Snoring and its causes
We’ve all been around (or been that person) who snores at night, keeping everyone awake. Snoring happens when relaxed tissues in your throat vibrate, creating that irritatingly harsh noise we all know. People snore if they have allergies, had alcohol before sleep, sleeping on your back, or are clinically overweight. But, some snoring isn’t just bothersome and loud, but a sign of a more problematic condition that affects sleep.
Good sleep happens in cycles and when those cycles are interrupted, you will not have a full night of rest. Snoring often affects the REM (rapid eye movement) portion of the sleep cycle, which is most imperative for memory and concentration. If you feel like your snoring is interrupting your dream sequences, that is your REM cycle that’s being disrupted.
Problematic snoring symptoms
If someone is chronically experiencing any number of the symptoms listed below, we recommend making an appointment to come see us at the Breathe Clear Institute to get things under control.
- Chest pain or gasping for breath while sleeping
- Pauses in sleep, noticed by you or someone sleeping next to you
- Restless sleep or snoring so loud it keeps your partner awake at night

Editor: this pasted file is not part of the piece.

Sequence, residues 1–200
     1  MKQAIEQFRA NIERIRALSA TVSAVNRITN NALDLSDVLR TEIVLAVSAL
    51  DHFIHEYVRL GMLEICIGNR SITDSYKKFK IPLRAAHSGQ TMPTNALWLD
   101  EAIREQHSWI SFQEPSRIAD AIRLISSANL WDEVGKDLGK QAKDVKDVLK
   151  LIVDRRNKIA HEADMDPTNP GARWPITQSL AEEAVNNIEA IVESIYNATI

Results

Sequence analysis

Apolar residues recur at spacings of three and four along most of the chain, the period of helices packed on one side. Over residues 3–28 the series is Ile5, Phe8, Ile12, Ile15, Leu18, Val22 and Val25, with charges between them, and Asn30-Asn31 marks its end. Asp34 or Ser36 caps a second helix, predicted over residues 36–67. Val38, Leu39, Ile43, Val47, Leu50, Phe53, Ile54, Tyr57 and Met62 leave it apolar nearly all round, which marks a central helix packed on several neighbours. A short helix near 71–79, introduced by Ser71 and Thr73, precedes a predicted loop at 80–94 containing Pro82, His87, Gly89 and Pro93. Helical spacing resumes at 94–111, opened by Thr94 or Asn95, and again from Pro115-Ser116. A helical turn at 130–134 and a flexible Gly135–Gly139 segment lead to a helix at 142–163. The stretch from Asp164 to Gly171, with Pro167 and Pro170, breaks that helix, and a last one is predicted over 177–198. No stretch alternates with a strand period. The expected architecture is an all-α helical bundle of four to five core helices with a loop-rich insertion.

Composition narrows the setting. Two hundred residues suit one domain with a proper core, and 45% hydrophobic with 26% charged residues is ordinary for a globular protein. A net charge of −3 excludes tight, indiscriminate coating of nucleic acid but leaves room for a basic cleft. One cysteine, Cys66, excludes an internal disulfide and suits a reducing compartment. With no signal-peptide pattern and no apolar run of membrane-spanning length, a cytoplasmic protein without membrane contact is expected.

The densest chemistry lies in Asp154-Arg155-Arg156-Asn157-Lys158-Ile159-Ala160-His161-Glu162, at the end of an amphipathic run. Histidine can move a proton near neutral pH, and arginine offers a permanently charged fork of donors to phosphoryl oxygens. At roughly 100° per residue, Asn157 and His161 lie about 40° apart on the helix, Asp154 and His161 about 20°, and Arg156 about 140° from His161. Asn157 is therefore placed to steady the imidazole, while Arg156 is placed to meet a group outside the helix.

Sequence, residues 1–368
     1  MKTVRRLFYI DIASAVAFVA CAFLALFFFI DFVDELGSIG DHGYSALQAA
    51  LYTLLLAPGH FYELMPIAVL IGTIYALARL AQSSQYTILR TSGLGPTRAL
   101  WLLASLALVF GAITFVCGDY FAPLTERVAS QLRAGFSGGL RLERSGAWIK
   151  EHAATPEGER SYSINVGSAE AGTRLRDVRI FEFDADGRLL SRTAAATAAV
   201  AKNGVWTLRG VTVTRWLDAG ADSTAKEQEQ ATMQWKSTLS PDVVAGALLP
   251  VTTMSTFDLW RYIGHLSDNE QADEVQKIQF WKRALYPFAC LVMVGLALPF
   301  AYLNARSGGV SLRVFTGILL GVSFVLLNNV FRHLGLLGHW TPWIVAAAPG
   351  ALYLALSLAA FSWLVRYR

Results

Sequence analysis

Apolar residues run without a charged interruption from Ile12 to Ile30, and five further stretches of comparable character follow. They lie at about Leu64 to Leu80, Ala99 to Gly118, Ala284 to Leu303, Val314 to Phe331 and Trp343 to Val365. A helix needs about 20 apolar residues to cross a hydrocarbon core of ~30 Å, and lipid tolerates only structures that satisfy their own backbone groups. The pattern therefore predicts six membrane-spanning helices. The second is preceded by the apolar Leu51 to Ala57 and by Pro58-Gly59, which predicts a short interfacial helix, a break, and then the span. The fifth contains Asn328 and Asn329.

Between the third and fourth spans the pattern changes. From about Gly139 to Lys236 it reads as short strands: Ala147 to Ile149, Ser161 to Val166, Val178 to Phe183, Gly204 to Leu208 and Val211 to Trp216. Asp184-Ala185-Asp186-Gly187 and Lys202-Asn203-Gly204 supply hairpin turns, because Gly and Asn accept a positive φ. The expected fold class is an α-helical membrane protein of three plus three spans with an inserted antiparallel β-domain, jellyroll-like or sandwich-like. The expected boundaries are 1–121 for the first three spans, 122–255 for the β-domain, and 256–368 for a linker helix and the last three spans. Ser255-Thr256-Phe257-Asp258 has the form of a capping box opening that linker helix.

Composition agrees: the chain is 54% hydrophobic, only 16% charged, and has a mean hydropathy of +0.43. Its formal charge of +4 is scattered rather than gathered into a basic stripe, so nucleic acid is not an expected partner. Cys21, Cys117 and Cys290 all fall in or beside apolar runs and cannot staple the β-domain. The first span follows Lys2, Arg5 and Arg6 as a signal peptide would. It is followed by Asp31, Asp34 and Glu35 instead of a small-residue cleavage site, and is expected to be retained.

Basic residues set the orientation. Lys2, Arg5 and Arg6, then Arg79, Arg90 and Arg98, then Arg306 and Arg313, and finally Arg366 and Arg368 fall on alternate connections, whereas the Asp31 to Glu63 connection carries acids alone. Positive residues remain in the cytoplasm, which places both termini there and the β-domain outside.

- Poor concentration, morning headaches, over tiredness the next day
We recommend keeping a sleep journal to track your sleep so we can better understand any patterns that might arise. For example, if you wake up in the middle of the night with a gasp, jot it down in a notebook on your bedside. Try to avoid documenting anything on your phone as it may cause you to stay awake longer than intended. Since we won’t be there to monitor your sleep on a nightly basis, this is the next best thing for proper evaluation.
Heavy snoring is sometimes caused by an obstructive sleep apnea (OSA) diagnosis, which is something we also help treat at our office. This would be a further conversation on how to manage and treat OSA beyond everyday helpful tips for snoring.
What to do to lessen snoring
If your snoring is disruptive to you or anyone in your household, it’s best to try a couple things to remedy it. Without having to consult a doctor, we recommend making the following changes to your routine to see if snoring decreases.
- Limit or eliminate alcohol intake before bed
- Sleep on your side or with your head elevated
- Clear your nasal passages with a spray or strips, use a humidifier at night
- Maintain a healthy weight
- Avoid smoking and nightly sedatives, if possible
- Understand your family history of snoring and/or breathing issues
- Get check by your doctor for nasal problems and/or allergies
Want to stop snoring? Schedule an appointment with Breathe Clear Institute
If snoring is keeping you or others in your household awake at night, it’s time to get a handle on it and treat whatever is making you snore at night. Breathing properly while sleeping is essential to a good night’s rest and we are here to help make that happen.